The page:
Campaigners challenge Government to fulfil its pledge to strengthen neighbourhood planning

Campaigners challenge Government to fulfil its pledge to strengthen neighbourhood planning

Campaigners are urging Government to back up its pledge to give added strength to neighbourhood planning, following a debate on the Housing and Planning Bill on Monday (9 May).

Planning minister Brandon Lewis once again rejected a Lords amendment tabled by Baroness Parminter to enable communities with a complete or emerging neighbourhood plan to appeal against decisions that conflicted with that plan. Citing his opposition to extending third party rights in the planning system, Mr Lewis achieved parliamentary support to reinstate the Government’s own amendment to support neighbourhood planning: a clause to ensure complete plans are referred to in decisions.

The Campaign to Protect Rural England (CPRE), Civic Voice and the National Association of Local Councils (NALC) are disappointed that the Government has established a clause that adds nothing to standard practice, but are heartened by Mr Lewis’s pledge to ‘work with colleagues to ensure that neighbourhood plans enjoy the primacy that we intend them to have in planning law’.

The groups believe that ministers can and should work with supportive Conservative MPs, such as Nick Herbert, and supportive peers to give greater weight to neighbourhood planning [1]. The groups argue that the secretary of state should incorporate the principles of a ‘neighbourhood right to be heard’, as also tabled (and subsequently withdrawn) by Baroness Parminter on Tuesday (10 May), into secondary legislation or existing planning policy. These principles could include:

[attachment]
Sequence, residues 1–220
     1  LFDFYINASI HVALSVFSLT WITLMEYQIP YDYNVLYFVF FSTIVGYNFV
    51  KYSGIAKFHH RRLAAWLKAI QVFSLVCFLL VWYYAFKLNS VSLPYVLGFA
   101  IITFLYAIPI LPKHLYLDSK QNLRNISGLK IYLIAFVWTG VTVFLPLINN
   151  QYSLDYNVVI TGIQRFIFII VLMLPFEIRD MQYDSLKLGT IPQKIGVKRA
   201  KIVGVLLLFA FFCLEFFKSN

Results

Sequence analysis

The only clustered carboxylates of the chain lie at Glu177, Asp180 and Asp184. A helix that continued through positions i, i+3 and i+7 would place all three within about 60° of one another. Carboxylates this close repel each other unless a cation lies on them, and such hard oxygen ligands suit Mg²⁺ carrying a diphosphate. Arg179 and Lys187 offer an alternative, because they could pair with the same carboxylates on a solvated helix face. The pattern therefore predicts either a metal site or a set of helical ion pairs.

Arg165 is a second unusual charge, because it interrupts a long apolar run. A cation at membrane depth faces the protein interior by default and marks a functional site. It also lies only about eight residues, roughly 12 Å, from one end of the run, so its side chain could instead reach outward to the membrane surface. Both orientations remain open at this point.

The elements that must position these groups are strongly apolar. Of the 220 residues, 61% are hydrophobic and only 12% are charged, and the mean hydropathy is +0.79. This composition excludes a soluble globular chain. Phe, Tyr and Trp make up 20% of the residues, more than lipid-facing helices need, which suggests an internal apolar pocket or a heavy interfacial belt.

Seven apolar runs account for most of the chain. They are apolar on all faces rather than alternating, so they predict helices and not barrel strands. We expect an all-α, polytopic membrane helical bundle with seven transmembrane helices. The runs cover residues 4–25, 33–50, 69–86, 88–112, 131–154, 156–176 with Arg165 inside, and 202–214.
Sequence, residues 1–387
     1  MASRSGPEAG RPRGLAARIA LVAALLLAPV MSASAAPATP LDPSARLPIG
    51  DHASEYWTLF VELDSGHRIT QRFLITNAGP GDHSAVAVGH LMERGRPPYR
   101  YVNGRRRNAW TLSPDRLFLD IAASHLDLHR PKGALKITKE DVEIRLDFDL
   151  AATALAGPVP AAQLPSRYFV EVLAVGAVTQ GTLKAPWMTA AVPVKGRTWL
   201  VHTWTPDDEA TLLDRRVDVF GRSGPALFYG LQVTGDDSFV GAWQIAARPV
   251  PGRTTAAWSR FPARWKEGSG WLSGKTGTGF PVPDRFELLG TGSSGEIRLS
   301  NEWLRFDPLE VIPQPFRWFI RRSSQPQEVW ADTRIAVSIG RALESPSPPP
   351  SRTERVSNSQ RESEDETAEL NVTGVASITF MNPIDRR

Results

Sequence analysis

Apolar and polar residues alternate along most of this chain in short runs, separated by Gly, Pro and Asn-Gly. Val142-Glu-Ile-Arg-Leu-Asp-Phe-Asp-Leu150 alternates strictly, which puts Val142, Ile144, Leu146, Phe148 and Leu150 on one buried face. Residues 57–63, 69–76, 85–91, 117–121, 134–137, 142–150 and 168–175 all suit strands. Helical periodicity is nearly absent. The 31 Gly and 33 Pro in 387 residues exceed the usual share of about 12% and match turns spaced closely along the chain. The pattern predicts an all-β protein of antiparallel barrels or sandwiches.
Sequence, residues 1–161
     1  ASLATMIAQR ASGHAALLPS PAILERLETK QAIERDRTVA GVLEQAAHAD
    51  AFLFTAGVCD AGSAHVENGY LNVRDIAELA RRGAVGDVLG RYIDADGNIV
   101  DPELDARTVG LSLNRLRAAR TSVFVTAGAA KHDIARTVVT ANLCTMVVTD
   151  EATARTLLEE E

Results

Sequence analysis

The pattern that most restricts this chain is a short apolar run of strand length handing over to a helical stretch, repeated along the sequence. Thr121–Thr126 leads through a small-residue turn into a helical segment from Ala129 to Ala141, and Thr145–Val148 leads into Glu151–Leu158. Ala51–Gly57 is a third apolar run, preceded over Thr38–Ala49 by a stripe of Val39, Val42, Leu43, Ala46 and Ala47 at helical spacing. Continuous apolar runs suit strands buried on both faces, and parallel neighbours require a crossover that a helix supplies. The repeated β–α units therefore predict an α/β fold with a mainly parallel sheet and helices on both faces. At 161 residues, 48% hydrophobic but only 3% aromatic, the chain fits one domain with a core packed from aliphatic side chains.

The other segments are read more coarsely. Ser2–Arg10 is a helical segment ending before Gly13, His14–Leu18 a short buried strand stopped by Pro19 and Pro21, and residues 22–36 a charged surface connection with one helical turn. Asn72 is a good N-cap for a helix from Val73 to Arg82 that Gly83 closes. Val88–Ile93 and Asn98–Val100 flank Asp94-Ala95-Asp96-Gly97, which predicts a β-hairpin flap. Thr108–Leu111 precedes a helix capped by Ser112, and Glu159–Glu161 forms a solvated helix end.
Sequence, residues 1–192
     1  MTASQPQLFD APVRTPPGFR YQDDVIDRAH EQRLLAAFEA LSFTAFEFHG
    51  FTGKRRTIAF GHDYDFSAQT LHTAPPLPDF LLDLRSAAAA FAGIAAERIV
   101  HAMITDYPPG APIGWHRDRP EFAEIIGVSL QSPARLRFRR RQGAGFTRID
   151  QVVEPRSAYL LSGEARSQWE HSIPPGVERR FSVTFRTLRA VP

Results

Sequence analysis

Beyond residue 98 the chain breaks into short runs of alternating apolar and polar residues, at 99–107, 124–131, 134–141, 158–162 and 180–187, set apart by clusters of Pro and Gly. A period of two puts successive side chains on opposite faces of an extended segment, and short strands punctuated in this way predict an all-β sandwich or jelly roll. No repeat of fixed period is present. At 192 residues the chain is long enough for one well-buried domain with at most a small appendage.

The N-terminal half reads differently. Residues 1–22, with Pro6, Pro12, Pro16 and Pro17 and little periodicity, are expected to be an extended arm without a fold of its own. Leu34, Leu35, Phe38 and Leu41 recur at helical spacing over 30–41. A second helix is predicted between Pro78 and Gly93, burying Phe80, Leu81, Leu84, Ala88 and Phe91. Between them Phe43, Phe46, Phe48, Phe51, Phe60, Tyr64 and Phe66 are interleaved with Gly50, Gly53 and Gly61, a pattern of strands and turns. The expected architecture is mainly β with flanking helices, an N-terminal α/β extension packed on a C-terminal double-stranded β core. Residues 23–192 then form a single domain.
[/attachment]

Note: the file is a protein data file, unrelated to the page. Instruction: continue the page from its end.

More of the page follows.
a duty to have special regard to made or emerging neighbourhood development plans;
a duty to meaningfully consult the neighbourhood planning body and take account of that body’s recommendations; and
guidance on and power to call-in decisions that do not accord with the plan [2]

Neighbourhood plans represent local aspirations and have been shown to increase the number of homes planned locally [3]. The House of Lords twice voted to introduce Baroness Parminter’s amendment establishing a neighbourhood right of appeal, and the Government twice rejected it.

It has been argued by many, including some MPs, that the Government’s amendment in lieu ‘does not go far enough’ beyond existing good practice in supporting neighbourhood planning.

Sarah James, head of policy, Civic Voice, said:

"Neighbourhood plans are undermined by speculative developments, so we need a mechanism to ensure that those neighbourhood plans, once agreed or when close to agreement, are not subverted.

“Civic Voice wants to see a plan-led system, but where an application departs from a plan, the community should have the right to challenge. We will continue to campaign on this important civic movement issue".

Matt Thomson, head of planning at CPRE, said:

“While the Government’s amendment will reduce the scope of neighbourhood plans, and thereby the confidence of communities in them, we are pleased that the minister will explore further ways to empower local people.